3. Scavengers: Scavengers are reactive compounds designed to react with specific volatiles, converting them into non-volatile compounds. This method is beneficial when dealing with harmful or odorous volatiles.
  4. Diluents: These are typically low-boiling point solvents that can dissolve volatiles, aiding their removal from the polymer melt.

The choice of devolatilization compound will depend on the nature of the volatile, the type of polymer, and the specific requirements of the extrusion operation. Regardless of the mix used, it’s important to remember that these compounds work in conjunction with venting systems, and the two should be considered as part of a holistic approach to efficient devolatilization in polymer extrusion.

Factors Influencing the Devolatilization Process

Factors Influencing the Devolatilization Process

Residence Time and Solvent Interaction in Devolatilization

Residence time and solvent interaction play significant roles in the devolatilization process in polymer extrusion. Residence time refers to the duration that the polymer melt spends within the extruder, during which volatile compounds must be removed. Insufficient residence time may prevent complete devolatilization, thereby negatively impacting the quality of the final product. Conversely, an excessively long residence time may lead to polymer degradation due to prolonged exposure to high temperatures.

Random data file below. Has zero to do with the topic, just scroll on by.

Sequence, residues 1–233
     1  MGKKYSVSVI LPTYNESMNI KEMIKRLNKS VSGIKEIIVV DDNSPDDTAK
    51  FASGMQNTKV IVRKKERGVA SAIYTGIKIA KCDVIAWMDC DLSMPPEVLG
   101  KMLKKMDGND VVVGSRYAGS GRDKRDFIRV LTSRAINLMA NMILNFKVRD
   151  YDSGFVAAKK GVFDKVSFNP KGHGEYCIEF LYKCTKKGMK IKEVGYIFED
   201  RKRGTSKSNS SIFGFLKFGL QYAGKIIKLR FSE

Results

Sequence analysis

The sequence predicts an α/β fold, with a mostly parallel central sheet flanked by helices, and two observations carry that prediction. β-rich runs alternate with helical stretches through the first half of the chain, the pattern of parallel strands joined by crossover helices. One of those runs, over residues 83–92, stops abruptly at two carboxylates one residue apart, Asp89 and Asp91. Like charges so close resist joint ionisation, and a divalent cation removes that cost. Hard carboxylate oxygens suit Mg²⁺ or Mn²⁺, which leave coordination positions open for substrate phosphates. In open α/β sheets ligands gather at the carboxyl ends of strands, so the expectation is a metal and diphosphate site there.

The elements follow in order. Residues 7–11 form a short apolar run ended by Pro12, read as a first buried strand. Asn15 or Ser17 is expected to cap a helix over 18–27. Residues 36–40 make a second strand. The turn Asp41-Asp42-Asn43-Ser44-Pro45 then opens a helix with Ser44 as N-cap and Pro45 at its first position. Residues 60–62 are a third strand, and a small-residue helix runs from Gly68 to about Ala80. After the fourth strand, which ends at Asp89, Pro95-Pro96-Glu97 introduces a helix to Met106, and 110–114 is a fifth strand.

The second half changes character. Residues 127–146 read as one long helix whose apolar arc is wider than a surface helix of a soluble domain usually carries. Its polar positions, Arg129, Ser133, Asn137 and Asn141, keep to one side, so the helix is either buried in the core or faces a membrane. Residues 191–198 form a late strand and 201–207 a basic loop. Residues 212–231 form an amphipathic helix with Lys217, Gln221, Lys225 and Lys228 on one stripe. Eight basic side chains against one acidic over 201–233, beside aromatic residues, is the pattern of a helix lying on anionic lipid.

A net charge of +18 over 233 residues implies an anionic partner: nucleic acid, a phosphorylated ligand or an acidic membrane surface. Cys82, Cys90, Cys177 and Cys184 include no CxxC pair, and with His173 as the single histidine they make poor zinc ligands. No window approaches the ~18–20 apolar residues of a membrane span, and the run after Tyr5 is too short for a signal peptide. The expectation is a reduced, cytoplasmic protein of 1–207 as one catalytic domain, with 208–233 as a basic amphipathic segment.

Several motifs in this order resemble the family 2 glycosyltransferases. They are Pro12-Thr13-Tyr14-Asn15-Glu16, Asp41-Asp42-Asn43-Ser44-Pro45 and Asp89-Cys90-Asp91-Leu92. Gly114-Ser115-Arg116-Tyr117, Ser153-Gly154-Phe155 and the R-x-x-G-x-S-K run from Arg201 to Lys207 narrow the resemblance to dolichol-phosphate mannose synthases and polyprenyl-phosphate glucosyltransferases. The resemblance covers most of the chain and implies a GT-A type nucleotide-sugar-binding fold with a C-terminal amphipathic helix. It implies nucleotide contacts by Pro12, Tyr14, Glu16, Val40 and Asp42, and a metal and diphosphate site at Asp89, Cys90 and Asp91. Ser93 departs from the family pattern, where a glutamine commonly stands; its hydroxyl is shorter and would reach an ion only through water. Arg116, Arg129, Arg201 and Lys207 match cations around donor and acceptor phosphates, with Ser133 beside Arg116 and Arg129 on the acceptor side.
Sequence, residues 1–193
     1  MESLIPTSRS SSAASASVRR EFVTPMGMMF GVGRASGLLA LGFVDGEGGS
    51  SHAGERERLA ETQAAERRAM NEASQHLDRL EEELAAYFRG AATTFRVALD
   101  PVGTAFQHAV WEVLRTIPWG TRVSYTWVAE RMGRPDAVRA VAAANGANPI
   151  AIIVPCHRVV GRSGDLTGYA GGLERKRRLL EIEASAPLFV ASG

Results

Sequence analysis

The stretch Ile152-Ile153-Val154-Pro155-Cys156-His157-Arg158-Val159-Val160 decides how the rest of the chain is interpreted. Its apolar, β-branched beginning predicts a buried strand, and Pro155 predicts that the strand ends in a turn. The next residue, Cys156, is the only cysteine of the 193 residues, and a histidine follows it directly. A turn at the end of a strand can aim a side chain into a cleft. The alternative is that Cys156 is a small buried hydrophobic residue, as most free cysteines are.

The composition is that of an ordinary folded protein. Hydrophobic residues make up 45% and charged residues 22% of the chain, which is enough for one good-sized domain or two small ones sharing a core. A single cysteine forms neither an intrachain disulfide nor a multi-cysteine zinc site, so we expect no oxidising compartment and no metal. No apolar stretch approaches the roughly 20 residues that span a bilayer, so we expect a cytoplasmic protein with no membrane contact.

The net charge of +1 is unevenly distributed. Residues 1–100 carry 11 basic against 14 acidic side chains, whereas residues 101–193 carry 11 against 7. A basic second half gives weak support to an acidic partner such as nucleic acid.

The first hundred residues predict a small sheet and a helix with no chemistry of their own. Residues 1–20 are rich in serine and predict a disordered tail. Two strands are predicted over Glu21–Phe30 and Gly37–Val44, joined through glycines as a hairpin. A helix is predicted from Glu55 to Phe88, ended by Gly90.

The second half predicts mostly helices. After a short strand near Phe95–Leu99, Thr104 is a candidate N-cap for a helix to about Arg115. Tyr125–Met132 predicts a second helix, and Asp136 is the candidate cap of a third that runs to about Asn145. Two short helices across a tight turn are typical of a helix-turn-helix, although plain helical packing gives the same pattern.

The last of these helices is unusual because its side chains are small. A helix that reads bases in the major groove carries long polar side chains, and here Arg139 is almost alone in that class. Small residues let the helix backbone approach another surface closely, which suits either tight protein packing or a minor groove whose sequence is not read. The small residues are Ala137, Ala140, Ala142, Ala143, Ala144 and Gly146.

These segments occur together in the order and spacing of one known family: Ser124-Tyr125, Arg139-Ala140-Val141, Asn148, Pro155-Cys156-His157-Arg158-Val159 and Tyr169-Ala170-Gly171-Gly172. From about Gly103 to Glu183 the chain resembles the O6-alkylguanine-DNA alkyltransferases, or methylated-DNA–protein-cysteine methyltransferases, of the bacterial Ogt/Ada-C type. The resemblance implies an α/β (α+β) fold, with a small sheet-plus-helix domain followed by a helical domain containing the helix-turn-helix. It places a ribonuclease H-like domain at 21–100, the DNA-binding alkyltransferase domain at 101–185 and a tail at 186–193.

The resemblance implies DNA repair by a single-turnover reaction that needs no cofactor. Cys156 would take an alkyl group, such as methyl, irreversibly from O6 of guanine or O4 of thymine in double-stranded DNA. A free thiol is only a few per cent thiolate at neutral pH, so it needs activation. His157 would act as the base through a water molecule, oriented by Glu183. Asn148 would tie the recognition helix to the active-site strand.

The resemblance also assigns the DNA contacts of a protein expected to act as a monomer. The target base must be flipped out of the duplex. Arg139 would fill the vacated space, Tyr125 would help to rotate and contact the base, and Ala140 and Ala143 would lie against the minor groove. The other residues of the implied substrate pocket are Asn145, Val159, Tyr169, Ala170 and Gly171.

On the other hand, solvent interaction is mainly dependent on the specific physicochemical properties of the volatile substances and the absorbent or adsorbent compounds used to eliminate them. For instance, solvents with lower boiling points and higher vapor pressures are more readily removed from the polymer melt. The solubility of the volatile compounds in the devolatilization agents also plays a crucial role in the process’s effectiveness.

In conclusion, the optimization of both residence time and solvent interaction is paramount to achieve efficient devolatilization and, ultimately, a high-quality polymer in extrusion processes.

Gaseous Components and Strip Venting: Impact on Devolatilization

The roles of gaseous components and strip venting in the devolatilization process in polymer extrusion should not be overlooked. Gaseous components refer to the volatile substances that are inherent in the raw polymer materials or are formed during the extrusion process. These gaseous components must be adequately removed to prevent defects in the final product.

Strip venting is a technique that involves the injection of steam or an inert gas into the polymer melt, which aids in the removal of these volatile substances. The steam or inert gas acts as a stripping medium, effectively ‘carrying’ the volatile components away from the polymer melt. However, these gaseous components need to be managed appropriately to prevent pressure buildup, which could interfere with the extrusion process.

Therefore, the control and management of gaseous components and the execution of strip venting are both critical factors influencing the efficiency of the devolatilization process. The balance and optimization of these factors, in conjunction with residence time and solvent interaction, are essential for achieving the desired quality in polymer extrusion.

Monomer Removal: Addressing Residuals in Polymer Extrusion